When Dr. Phil Couch visited Muskogee in 1978 to see whether he wanted to establish a practice in the city. He happened to drive by the Patterson House and quickly fell in love with it, but learned it was not for sale. The third owners, Sam and Mary Lou Caldwell, were still living there. Disappointed, the Couches still agreed that Phil should open a practice in Muskogee. After they moved to the city in 1979, they learned that the Patterson home would be on the market soon. So, they rented an apartment, and bought the house as soon as it became available in 1979.[4]

The home was listed on the National Register of Historic Places, by the National Park Service, in 1984 as property #84003322.[1]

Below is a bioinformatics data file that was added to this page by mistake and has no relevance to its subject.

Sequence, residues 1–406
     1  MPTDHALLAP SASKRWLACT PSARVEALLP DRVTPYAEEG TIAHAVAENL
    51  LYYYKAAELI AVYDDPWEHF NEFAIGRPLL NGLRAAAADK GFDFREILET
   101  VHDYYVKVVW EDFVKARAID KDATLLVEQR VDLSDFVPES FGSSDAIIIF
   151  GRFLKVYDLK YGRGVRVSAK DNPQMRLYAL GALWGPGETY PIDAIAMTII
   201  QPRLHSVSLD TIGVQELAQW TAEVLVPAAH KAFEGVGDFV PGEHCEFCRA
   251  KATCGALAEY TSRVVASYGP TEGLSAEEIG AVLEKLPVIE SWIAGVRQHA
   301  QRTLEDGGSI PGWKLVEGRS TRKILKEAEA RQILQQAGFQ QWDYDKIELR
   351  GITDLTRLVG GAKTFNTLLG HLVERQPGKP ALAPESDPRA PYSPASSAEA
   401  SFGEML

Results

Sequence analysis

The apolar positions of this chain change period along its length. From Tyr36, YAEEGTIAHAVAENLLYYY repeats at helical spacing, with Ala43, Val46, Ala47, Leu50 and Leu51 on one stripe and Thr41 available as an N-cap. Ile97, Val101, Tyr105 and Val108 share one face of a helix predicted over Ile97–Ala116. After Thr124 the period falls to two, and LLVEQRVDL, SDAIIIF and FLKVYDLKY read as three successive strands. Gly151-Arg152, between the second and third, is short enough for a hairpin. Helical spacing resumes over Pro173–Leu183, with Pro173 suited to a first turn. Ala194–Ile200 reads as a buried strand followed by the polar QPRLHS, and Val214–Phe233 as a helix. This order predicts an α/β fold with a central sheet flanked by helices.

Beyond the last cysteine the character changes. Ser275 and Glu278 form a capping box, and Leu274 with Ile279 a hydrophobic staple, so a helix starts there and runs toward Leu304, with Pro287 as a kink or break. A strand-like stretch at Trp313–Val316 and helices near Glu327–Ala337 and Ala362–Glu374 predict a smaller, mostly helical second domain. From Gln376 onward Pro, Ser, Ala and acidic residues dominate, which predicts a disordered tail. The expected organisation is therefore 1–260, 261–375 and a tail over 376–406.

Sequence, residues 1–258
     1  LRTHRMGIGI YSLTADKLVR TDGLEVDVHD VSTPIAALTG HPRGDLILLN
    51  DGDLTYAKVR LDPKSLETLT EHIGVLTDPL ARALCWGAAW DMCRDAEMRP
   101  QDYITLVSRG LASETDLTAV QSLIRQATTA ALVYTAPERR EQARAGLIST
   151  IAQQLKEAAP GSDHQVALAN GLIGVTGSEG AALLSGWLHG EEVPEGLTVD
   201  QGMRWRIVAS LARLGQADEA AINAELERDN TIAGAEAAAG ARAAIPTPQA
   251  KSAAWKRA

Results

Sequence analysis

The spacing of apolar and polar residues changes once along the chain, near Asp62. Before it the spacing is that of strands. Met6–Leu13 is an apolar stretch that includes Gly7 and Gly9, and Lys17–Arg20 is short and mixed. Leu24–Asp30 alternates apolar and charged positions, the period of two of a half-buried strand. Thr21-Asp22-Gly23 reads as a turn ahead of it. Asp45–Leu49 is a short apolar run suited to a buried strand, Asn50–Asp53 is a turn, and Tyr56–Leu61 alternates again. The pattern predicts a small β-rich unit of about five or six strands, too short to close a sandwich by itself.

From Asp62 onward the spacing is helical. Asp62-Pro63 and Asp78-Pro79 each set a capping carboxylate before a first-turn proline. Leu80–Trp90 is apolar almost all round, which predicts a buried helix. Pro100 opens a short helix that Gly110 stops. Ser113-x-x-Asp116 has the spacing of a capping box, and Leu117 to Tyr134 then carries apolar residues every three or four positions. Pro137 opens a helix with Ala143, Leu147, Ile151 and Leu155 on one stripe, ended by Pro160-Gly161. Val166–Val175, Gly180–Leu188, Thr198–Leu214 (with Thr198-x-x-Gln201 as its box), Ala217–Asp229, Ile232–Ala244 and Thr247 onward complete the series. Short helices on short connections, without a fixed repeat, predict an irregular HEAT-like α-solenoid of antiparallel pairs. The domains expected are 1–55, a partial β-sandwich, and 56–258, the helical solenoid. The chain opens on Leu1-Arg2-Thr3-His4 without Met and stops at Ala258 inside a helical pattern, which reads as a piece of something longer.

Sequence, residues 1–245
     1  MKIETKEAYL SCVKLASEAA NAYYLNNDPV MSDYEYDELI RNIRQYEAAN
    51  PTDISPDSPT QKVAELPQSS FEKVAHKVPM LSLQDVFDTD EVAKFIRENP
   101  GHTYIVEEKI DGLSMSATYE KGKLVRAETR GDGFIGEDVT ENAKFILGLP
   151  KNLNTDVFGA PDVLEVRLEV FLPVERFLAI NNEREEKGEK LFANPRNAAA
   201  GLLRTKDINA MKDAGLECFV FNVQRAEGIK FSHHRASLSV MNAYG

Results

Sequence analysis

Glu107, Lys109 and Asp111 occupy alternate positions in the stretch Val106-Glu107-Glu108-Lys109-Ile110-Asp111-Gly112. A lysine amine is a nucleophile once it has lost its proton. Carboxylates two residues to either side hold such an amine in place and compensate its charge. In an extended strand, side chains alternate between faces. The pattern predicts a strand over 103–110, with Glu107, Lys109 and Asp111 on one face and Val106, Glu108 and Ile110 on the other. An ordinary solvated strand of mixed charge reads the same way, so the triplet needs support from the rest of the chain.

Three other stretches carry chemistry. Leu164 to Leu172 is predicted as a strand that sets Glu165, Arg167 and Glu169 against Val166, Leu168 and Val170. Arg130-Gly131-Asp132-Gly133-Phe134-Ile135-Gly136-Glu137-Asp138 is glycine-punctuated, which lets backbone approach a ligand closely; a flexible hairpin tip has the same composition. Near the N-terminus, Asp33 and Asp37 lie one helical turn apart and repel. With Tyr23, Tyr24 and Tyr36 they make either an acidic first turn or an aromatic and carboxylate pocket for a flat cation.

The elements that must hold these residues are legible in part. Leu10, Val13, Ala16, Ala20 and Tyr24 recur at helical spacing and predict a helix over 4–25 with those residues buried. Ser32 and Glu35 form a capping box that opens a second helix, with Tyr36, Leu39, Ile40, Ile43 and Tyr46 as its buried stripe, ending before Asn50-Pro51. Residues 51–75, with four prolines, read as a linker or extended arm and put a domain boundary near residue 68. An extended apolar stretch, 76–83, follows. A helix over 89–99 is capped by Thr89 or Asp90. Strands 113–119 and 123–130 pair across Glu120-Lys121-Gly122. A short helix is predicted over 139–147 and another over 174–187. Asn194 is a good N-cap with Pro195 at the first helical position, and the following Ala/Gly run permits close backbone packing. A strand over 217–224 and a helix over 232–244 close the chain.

The Couches admit that the house needed some major upgrades serve their own needs.[4] This included:

  • replacing all plumbing and wiring;
  • adding heating and airconditioning for the basement and all of the three stories;
  • adding insulation to the house (there was none initially)[4]

They are happy with the result.

1320 W Okmulgee Postcard 1.JPG

Notes[edit]

  1. ^ The other co-founder was his son-in-law, A. C. Trumbo.

References[edit]